Network television production has always been fast. Typically, a shoot for a single-camera episode is just one week, and in the case of a live multicam show, they spend those first four days rehearsing before performing it live on the fifth day. After all, they have to crank out 22 or so episodes a year, so they can’t afford to be overly precious about what they’re making. In the case of “Nightmare at 20,000 Feet,” the original intention was for a four-day shoot. Yes, it’s one day less than a week, but the episode almost entirely takes place inside one airplane set. The need to change locations or build new things on a soundstage wasn’t necessary.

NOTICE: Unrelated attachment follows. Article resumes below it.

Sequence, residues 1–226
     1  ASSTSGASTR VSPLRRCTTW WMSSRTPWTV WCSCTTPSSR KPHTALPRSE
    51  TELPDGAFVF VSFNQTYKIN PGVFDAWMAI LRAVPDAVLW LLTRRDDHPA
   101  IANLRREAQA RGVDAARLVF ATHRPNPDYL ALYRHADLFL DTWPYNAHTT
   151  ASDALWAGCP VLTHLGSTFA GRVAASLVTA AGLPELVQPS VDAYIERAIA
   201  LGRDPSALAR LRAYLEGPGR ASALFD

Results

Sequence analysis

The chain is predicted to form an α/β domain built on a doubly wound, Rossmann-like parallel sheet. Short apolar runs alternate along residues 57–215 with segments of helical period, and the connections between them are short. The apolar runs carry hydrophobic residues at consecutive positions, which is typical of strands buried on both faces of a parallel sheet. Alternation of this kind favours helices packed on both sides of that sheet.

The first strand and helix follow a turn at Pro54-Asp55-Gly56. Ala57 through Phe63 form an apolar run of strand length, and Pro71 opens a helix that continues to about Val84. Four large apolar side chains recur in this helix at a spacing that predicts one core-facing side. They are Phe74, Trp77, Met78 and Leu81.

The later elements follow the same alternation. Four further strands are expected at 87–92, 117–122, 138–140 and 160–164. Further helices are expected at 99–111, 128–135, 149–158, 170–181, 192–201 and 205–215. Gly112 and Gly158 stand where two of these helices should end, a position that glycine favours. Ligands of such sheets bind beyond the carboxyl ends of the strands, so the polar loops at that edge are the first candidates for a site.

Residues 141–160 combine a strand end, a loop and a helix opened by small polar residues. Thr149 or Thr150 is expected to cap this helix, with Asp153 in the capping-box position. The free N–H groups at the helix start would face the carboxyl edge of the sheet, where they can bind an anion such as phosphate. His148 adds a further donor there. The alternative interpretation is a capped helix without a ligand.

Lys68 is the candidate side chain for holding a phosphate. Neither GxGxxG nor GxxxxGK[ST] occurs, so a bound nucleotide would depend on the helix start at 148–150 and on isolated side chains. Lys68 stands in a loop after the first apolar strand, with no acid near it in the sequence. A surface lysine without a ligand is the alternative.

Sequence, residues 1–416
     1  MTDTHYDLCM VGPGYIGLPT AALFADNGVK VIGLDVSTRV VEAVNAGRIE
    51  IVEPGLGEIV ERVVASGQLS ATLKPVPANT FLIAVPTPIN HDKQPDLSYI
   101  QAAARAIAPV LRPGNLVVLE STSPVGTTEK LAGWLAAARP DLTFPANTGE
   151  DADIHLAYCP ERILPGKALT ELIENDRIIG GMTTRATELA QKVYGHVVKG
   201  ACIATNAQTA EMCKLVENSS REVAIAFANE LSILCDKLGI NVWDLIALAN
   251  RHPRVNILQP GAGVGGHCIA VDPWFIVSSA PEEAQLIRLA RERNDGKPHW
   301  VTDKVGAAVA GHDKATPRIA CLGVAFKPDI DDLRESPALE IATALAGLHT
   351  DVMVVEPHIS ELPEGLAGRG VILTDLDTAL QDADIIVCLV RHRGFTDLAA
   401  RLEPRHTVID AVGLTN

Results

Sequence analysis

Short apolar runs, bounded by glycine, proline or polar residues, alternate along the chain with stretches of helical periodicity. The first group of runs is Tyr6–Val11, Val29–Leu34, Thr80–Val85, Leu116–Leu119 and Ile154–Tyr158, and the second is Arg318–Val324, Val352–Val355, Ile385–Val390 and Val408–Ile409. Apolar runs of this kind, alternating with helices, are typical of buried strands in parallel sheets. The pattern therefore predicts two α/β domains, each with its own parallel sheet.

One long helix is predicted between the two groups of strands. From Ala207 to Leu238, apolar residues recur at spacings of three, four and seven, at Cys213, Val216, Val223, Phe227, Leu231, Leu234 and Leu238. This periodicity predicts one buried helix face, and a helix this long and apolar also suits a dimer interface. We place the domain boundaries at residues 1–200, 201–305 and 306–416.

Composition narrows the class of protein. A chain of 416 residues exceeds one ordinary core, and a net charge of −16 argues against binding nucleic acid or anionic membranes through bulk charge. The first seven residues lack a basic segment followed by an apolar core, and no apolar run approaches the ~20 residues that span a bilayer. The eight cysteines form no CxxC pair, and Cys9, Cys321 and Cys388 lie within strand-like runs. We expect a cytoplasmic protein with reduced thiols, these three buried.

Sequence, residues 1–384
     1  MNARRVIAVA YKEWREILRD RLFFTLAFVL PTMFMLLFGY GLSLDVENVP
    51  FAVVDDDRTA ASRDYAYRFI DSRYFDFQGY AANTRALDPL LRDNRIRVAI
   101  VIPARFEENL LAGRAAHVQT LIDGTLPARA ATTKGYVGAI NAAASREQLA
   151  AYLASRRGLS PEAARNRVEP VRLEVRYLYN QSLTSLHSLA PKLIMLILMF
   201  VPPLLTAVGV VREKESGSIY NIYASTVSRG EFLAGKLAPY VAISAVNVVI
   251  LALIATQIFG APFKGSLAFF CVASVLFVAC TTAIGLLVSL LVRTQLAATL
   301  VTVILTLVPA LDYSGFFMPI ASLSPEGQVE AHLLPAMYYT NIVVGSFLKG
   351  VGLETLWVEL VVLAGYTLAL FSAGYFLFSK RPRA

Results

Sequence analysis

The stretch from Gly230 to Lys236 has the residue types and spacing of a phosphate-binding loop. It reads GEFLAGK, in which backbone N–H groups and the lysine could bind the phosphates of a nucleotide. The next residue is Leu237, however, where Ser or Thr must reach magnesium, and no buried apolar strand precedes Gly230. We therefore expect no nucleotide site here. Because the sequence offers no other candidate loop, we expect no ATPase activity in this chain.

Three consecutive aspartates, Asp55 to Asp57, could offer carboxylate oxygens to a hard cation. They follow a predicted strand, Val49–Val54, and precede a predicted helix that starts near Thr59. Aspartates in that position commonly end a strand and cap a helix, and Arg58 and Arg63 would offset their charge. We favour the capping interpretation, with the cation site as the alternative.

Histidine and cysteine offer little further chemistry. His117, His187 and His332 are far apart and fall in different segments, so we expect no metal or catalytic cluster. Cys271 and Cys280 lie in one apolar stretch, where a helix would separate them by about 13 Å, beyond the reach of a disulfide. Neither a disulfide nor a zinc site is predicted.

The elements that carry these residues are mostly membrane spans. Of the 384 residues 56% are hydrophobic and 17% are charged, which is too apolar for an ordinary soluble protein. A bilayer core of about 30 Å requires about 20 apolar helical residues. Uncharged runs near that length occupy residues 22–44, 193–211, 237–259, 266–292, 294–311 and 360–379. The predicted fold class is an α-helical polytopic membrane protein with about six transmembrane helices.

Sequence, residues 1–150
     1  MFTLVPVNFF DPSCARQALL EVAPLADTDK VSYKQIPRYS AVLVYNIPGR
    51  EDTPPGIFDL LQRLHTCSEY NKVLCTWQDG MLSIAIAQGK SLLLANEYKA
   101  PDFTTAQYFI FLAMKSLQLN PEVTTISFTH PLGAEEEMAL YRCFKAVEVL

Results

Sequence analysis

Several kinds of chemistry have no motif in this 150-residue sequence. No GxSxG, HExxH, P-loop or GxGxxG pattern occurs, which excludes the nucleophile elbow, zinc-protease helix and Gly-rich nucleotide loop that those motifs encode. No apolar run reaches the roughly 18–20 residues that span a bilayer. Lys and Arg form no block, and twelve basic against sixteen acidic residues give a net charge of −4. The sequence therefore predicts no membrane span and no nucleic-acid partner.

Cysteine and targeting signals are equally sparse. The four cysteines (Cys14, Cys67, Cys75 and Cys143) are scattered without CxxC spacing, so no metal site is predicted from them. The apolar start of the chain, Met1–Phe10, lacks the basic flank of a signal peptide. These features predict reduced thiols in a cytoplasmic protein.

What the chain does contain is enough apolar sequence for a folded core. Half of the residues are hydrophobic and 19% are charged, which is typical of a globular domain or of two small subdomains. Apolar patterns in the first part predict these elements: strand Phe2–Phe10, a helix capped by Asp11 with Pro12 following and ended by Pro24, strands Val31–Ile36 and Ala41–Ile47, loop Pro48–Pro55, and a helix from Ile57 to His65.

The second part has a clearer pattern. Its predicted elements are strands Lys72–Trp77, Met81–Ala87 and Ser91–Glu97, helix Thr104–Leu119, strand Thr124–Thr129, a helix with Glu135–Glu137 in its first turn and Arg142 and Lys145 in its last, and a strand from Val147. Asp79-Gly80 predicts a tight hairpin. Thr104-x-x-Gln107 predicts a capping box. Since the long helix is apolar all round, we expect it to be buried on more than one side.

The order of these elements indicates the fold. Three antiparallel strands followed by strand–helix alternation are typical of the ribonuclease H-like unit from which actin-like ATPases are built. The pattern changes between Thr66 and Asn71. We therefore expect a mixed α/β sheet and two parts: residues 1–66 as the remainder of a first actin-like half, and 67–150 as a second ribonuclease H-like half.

The network must have thought that would be a pretty simple shoot, so they made the decision to shorten the production schedule for the episode. After the passing of Richard Donner, William Shatner tweeted in remembrance of the director about how hectic making that episode was:
“It was chaotic; it was supposed to be a 4 day shoot & they cut it in half. They kept us there all night on the 2nd day to finish it. We were all sleep deprived.”
Shooting a half-hour episode of television in two days is insane, and any network executive or producer who thought that was a good idea probably should’ve been fired. However, that manic energy can be felt in the episode itself and certainly played a major factor in how successfully it renders Shatner’s character’s mental demise. I don’t like the idea that you have to create the same circumstances on set to achieve something on film, but I can’t deny that “Nightmare at 20,000 Feet” has a magic in it that the truncated production generated.